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CIGA bitesize: Changes to antecedent transactions for companies wound up on Covid petitions

As widely reported earlier in the year, the Corporate Insolvency & Governance Act 2020 (CIGA) included provisions tightly restricting (although not prohibiting) their use during the initial phase of the Covid pandemic. We covered the subsequently introduced Practice Direction on presenting petitions during the Covid period here.

Less prominent- but equally important to directors, liquidators and other stakeholders when considering what transactions may be capable of being reversed - have been the accompanying changes in CIGA to the ‘look-back’ periods for various antecedent transactions under the Insolvency Act 1986 (IA 1986), for companies wound up on Covid petitions.

1. Liquidation commencement date

Where winding up orders are made on petitions presented in the relevant period (1 March 2020 and 30 September 2020), CIGA deems the date of commencement of the winding up to be the date of the order, rather than the date of presentation of the petition (para 9, Sch 10 CIGA).

This amendment to the date of commencement of compulsory liquidations in the relevant period means that transactions between presentation of the petition and the making of the winding up order cannot be void dispositions within the meaning of s.127 IA 1986, depriving liquidators of a useful tool to recover funds for the estate. Instead, liquidators will need to consider challenging transactions in that period as antecedent transactions.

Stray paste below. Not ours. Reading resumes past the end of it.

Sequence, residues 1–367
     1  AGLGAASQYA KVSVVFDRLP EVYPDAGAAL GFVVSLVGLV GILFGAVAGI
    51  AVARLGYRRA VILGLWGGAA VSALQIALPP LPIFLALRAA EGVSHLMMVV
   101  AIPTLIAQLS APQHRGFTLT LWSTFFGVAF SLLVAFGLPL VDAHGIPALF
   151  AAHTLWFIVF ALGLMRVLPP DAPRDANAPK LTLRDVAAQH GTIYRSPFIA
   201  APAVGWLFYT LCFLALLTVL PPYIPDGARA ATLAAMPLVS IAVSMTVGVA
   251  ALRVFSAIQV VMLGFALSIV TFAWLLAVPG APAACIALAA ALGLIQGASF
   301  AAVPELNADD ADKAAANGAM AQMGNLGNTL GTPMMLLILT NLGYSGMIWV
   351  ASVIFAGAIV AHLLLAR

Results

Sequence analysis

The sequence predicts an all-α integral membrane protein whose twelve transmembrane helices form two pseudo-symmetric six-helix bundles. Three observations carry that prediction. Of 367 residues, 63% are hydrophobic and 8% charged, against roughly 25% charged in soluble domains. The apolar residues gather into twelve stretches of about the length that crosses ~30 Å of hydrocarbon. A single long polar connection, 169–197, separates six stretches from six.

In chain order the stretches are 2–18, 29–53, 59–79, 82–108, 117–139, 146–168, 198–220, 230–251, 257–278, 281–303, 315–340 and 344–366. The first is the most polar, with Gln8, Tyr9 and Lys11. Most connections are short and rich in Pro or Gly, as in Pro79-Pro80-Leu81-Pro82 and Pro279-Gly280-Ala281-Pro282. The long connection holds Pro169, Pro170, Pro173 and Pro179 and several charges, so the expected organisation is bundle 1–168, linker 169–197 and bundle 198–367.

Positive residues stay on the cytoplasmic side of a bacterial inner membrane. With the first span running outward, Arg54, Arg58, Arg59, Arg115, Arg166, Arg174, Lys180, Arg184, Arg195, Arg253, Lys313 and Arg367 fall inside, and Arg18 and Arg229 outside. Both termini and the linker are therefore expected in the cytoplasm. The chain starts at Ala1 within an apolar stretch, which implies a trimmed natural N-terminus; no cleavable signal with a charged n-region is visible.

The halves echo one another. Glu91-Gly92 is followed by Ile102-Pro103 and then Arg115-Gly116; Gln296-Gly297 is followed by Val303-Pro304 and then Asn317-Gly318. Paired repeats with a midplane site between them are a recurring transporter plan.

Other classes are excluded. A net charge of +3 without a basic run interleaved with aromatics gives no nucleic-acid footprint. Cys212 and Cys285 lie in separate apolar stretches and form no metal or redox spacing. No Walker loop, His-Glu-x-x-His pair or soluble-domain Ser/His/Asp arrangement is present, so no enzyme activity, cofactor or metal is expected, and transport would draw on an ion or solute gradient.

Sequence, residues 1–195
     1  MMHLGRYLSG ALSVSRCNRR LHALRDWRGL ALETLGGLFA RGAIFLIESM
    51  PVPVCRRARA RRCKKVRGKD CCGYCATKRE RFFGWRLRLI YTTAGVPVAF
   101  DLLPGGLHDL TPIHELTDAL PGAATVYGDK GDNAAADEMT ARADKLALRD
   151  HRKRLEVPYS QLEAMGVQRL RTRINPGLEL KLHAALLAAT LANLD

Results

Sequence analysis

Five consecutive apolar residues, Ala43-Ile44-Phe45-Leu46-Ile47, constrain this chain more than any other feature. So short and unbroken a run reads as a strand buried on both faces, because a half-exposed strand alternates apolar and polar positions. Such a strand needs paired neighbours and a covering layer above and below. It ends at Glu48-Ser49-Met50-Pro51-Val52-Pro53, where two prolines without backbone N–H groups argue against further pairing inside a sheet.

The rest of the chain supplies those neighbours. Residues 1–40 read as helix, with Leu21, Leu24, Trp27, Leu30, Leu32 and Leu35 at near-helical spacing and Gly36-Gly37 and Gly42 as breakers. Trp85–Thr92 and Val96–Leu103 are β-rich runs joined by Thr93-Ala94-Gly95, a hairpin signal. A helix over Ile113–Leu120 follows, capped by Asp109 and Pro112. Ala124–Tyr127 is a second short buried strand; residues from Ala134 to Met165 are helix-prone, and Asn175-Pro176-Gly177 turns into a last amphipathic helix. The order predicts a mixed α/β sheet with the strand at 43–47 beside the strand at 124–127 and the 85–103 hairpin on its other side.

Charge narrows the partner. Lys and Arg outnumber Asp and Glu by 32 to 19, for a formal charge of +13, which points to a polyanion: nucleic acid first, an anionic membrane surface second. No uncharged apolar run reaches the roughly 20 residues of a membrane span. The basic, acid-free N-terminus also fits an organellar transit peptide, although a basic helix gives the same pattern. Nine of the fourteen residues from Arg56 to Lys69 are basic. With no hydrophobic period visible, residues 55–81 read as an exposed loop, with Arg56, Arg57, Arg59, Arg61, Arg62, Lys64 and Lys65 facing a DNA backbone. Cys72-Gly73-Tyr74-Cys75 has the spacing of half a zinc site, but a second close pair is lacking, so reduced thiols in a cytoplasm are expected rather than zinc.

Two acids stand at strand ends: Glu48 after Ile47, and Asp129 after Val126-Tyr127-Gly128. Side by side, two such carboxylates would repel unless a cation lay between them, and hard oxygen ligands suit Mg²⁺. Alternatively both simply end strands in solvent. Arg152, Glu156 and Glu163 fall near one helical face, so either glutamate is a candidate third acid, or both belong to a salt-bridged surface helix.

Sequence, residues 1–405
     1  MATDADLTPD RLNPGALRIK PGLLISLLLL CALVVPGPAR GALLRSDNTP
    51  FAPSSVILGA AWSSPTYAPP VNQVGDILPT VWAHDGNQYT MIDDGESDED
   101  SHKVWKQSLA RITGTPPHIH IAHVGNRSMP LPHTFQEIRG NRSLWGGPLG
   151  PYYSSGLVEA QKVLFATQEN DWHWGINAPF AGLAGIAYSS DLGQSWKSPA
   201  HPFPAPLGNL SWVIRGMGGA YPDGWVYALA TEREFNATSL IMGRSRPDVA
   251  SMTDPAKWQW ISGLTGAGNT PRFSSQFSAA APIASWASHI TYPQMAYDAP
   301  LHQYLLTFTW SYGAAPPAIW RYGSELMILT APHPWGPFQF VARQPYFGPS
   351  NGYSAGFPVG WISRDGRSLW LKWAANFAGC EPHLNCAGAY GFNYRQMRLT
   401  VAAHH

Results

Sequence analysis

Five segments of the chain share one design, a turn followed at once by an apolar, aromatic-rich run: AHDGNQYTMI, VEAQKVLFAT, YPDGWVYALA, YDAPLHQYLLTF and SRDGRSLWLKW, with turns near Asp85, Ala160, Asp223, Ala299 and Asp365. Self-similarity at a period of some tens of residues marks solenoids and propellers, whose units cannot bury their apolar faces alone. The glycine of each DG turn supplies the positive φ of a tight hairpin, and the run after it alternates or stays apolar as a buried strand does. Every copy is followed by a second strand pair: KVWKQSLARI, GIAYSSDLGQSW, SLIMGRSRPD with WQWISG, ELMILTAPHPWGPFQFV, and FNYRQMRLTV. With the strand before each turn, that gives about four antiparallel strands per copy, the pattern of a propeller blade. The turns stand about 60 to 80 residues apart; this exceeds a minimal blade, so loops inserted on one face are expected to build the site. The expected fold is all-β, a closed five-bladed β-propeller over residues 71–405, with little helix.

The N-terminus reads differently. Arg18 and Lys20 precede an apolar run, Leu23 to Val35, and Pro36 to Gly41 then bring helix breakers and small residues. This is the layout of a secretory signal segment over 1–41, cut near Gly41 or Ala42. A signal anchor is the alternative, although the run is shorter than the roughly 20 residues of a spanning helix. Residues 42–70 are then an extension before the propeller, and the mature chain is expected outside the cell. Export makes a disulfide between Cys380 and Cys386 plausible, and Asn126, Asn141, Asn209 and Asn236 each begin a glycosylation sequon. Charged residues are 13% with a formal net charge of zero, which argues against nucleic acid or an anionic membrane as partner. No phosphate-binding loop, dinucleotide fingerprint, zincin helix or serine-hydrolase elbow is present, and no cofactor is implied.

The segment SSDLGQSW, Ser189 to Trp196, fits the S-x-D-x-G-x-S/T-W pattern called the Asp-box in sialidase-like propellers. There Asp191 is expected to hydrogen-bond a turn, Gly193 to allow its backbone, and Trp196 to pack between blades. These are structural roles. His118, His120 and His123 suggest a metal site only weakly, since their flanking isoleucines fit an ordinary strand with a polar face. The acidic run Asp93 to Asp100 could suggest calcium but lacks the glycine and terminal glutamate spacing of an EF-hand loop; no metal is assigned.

2. Antecedent transactions

The ‘relevant time’ periods in s.240 and s.245 IA 1986 are amended, affecting:

  • transactions at undervalue
  • preferences
  • avoidance of floating charges.

Transactions at undervalue & preferences – s240 IA 1986 amended

For affected liquidations, the two year look-back period will begin with the later of:

(i) the day 2 years before the day on which the petition was presented, and
(ii) the day 2 years and 6 months before the day on which the winding-up order was made 

and will end with the day on which the winding-up order was made (para 15(1)(2), Sch 10 CIGA).

The 6 month period will, for affected winding ups, begin with the later of:

(i) the day 6 months before the day on which the petition was presented, and
(ii) the day 12 months before the day on which the winding-up order was made 

and will end with the day on which the winding-up order was made (para 15(1)(3), Sch 10 CIGA).

Avoidance of certain floating charges – s245 IA 1986 amended

The two year period will, for affected liquidations, begin with the later of:

(i) the day 2 years before the day on which the petition was presented, and
(ii) the day 2 years and 6 months before the day on which the winding-up order was made 

and will end with the day on which the winding-up order was made (para 18(1)(2), Sch 10 CIGA).

The 12 month period will, for affected liquidations, begin with the later of:

(i) the day 12 months before the day on which the petition was presented, and
(ii) the day 18 months before the day on which the winding-up order was made and will end with the day on which the winding-up order was made (para 18(1)(3), Sch 10 CIGA).

Other dispositions/claims

The IA 1986 provisions governing the following (among others) are not amended by CIGA:

  • extortionate credit transactions (s.244 IA 1986)
  • transactions defrauding creditors (s.423 IA 1986)

We discuss CIGA’s amendments to wrongful trading claims under s.214 IA 1986 in our earlier article.

It is worth emphasising that the changes to the look-back periods will only affect companies in compulsory liquidation where the petition was presented in the 6 month window between 1 March and 30 September 2020. Those potentially affected by the more generous look-back provisions will want to scrutinise the timing to identify whether any transactions of concern may be caught.

For further information on this article, please contact a member of our Restructuring & Insolvency Team or visit the CIGA page.

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